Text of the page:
According to another aspect of the present invention an optical disc apparatus is provided. The apparatus includes a condenser to condense light radiated from a light source onto a disc and to receive light returned from the disc; an actuator to raise or lower the condenser vertically with respect to the disc based on an actuator driving voltage; a light amount detector to detect an amount of light returned from the disc through the condenser; a servo module to generate the actuator driving voltage and a gap error signal based on the light amount detected by the light amount detector; and a control module to obtain the range of the actuator driving voltage during a period of time where the decrease rate of the gap error signal is constant based on the gap error signal and the actuator driving voltage, when light focused on the disc is near-field light, and to control the servo module such that gap pull-in is performed on the disc during a period of time where the actuator driving voltage value is within the obtained range.

In addition to the example embodiments and aspects as described above, further aspects and embodiments will be apparent by reference to the drawings and by study of the following descriptions.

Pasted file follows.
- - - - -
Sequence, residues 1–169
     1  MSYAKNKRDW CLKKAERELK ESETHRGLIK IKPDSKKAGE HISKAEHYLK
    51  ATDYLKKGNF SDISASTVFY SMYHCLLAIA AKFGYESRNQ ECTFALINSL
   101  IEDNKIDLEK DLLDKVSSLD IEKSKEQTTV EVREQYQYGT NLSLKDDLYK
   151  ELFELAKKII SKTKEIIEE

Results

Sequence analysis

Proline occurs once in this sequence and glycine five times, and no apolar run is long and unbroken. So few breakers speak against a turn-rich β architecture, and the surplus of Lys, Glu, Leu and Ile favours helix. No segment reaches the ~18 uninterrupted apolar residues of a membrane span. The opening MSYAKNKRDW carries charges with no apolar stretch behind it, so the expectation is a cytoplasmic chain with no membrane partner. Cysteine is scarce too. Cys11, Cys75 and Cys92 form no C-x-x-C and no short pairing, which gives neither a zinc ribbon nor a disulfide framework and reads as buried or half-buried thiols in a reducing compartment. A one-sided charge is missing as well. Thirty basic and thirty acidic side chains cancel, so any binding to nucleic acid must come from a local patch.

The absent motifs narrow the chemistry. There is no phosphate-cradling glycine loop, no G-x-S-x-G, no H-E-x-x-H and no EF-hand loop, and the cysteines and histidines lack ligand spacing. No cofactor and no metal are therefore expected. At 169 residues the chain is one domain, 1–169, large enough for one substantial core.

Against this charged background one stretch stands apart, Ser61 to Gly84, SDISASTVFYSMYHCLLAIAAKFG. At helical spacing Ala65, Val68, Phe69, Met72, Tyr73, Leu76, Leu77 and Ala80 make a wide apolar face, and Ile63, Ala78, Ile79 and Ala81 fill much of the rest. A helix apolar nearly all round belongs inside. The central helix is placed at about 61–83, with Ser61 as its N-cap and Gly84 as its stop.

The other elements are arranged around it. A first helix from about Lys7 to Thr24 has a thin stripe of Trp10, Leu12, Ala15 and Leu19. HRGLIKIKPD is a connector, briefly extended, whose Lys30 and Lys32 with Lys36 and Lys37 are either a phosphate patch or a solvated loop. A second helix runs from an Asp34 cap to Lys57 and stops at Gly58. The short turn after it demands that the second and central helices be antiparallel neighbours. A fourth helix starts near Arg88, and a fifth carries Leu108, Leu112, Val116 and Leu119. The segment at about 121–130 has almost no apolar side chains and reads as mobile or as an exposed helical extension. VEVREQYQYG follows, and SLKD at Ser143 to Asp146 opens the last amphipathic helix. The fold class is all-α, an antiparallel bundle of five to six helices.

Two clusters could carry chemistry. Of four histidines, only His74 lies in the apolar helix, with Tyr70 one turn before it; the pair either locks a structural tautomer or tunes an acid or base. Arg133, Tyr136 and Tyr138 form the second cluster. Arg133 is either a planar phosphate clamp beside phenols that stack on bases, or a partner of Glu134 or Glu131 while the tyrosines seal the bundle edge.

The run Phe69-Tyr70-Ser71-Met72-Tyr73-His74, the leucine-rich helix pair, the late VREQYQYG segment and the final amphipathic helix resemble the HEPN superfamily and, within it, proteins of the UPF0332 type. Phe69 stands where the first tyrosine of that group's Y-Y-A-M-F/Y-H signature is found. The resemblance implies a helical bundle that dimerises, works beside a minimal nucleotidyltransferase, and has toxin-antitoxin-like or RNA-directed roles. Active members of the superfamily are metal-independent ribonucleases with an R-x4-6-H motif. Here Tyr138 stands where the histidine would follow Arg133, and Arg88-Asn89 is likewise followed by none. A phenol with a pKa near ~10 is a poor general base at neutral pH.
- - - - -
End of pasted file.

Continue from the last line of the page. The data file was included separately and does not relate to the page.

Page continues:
BRIEF DESCRIPTION OF THE DRAWINGS

A better understanding of the present invention will become apparent from the following detailed description of example embodiments and the claims when read in connection with the accompanying drawings, all forming a part of the disclosure of this invention. While the following written and illustrated disclosure focuses on disclosing example embodiments of the invention, it should be clearly understood that the same is by way of illustration and example only and that the invention is not limited thereto. The spirit and scope of the present invention are limited only by the terms of the appended claims. The following represents brief descriptions of the drawings, wherein:

FIG. 1 is a schematic view of a near-field optical disc apparatus according to an example embodiment of the present invention;

FIG. 2 illustrates a gap error signal generated when an actuator of FIG. 1 ascends, according to an example embodiment of the present invention;

FIGS. 3A-3B illustrate a gap pull-in process using the near-field optical disc apparatus of FIG. 1, according to an example embodiment of the present invention;

FIGS. 4A-4C illustrate a gap pull-in process using the near-field optical disc apparatus of FIG. 1 according to another example embodiment of the present invention; and

FIG. 5 is a flow chart of a gap pull-in process according to an example embodiment of the present invention.

DETAILED DESCRIPTION OF THE EMBODIMENTS

Reference will now be made in detail to the present embodiments of the present invention, examples of which are illustrated in the accompanying drawings, wherein like reference numerals refer to the like elements throughout. The embodiments are described below in order to explain the present invention by referring to the figures.